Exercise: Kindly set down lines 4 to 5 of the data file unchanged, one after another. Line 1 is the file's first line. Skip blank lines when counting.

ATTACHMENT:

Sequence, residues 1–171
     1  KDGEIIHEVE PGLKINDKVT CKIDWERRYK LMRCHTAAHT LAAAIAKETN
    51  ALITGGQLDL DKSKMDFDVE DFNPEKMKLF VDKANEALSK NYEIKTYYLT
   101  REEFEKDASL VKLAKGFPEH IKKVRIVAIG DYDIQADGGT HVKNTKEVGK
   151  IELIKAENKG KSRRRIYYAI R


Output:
   101  REEFEKDASL VKLAKGFPEH IKKVRIVAIG DYDIQADGGT HVKNTKEVGK
   151  IELIKAENKG KSRRRIYYAI R